4:17 Our eyes continually failed us
as we looked in vain for help. 1
From our watchtowers we watched
for a nation that could not rescue us.
so that we could not walk about in our streets.
Our end drew near, our days were numbered, 4
for our end had come!
4:19 Those who pursued us were swifter
They chased us over the mountains;
they ambushed us in the wilderness.
was caught in their traps, 8
of whom we thought, 9
“Under his protection 10 we will survive among the nations.”
1 tn Heb “Our eyes failed in vain for help.”
2 tn Heb “they”; this has been specified in the translation as “our enemies” for clarity.
3 tn Heb “they hunted our steps.”
4 tn Heb “our days were full.”
5 tn The bird referred to here could be one of several species of eagles, but more likely is the griffin-vulture (cf. NEB “vultures”). However, because eagles are more commonly associated with swiftness than vultures in contemporary English, “eagles” was used in the translation.
6 tn Or “in the heavens.” The Hebrew term שָׁמַיִם (shamayim) may be translated “heaven(s)” or “sky” depending on the context.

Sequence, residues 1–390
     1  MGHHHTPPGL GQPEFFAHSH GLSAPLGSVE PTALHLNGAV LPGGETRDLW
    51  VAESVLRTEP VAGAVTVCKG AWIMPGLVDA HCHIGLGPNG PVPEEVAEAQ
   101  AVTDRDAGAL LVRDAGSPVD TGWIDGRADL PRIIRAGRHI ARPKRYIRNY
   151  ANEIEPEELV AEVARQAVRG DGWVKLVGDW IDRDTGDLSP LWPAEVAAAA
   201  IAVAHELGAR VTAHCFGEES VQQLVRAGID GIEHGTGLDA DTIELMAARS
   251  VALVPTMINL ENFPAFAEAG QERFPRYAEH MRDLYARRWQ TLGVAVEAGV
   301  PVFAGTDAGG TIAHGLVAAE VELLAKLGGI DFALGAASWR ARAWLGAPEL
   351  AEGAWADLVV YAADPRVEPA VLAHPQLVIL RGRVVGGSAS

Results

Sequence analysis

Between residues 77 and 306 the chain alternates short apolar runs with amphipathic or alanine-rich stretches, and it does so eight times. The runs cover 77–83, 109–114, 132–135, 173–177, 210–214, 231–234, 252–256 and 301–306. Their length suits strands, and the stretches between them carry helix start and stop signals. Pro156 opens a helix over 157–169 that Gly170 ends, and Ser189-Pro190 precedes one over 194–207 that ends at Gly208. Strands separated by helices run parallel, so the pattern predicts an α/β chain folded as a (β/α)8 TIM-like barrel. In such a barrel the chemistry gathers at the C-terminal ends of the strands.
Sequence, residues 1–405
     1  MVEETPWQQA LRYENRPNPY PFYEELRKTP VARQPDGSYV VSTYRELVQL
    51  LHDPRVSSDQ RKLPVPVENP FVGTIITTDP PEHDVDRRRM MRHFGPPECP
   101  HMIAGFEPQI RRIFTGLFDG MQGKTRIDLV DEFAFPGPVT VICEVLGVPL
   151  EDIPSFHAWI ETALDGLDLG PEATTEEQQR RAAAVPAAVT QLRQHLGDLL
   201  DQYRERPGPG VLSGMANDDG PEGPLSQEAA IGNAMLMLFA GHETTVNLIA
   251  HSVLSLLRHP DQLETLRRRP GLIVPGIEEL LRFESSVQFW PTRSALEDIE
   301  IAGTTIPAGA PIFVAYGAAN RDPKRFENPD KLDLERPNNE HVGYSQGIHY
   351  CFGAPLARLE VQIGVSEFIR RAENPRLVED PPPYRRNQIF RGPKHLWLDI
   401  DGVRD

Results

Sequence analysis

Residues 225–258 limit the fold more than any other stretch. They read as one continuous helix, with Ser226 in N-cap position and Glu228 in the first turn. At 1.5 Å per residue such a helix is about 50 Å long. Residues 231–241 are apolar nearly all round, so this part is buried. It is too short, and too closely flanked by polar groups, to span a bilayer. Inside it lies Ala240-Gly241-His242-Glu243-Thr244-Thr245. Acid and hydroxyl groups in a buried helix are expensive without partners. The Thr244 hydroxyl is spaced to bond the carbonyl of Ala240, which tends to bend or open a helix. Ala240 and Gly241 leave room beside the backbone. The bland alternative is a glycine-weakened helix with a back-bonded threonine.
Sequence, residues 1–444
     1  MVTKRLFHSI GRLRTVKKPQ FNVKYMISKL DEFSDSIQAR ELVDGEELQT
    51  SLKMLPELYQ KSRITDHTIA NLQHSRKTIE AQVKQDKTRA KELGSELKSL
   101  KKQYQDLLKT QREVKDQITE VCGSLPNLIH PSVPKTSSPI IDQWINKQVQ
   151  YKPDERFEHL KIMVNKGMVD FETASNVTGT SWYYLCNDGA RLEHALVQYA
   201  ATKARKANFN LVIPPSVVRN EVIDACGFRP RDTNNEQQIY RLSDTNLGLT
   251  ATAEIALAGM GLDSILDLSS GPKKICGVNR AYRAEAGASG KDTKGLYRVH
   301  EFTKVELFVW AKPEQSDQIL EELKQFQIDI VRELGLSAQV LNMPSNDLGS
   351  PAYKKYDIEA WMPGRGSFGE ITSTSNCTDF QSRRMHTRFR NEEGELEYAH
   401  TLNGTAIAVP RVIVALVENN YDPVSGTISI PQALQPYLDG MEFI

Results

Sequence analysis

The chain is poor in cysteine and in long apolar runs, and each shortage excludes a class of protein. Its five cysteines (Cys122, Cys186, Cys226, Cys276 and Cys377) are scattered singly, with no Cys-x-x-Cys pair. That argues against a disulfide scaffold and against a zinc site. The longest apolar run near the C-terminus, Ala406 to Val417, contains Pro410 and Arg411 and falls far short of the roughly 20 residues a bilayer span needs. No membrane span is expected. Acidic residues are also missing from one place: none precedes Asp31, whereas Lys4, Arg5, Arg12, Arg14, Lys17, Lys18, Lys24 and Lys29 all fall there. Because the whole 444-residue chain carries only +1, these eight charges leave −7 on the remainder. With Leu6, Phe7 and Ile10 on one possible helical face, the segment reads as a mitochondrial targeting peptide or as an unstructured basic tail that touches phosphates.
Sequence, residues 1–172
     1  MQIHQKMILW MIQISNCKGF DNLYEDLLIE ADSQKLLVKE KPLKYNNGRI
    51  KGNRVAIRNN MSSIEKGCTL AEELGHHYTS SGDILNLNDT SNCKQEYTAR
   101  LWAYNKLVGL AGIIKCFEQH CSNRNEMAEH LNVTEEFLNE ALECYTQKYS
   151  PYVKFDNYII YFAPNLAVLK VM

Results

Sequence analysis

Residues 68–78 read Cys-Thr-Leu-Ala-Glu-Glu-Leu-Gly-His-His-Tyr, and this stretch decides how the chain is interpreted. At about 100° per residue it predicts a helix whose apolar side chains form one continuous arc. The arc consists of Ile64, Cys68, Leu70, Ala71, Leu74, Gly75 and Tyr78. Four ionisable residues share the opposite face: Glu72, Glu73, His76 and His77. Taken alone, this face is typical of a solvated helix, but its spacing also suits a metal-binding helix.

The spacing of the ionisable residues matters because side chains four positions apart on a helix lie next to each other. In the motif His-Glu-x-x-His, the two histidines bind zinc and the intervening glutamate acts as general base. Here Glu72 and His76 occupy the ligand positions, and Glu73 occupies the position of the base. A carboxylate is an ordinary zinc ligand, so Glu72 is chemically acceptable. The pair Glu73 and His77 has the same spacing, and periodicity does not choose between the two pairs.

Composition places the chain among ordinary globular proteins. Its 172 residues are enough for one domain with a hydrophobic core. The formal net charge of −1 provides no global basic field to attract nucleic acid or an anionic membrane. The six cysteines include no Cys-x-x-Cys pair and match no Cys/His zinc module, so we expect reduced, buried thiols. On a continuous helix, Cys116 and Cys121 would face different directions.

7 tn Heb “the anointed one of the
8 tn Heb “was captured in their pits.”
9 tn Heb “of whom we had said.”
10 tn Heb “under his shadow.” The term צֵל (tsel, “shadow”) is used figuratively here to refer the source of protection from military enemies. In the same way that the shade of a tree gives physical relief and protection from the heat of the sun (e.g., Judg 9:15; Job 40:22; Ps 80:11; Song 2:3; Ezek 17:23; 31:6, 12, 17; Hos 4:13; 14:8; Jon 4:5, 6), a faithful and powerful king can provide “shade” (= protection) from enemies and military attack (Num 14:19; Ps 91:1; Isa 30:2, 3; 49:2; 51:16; Jer 48:45; Lam 4:20).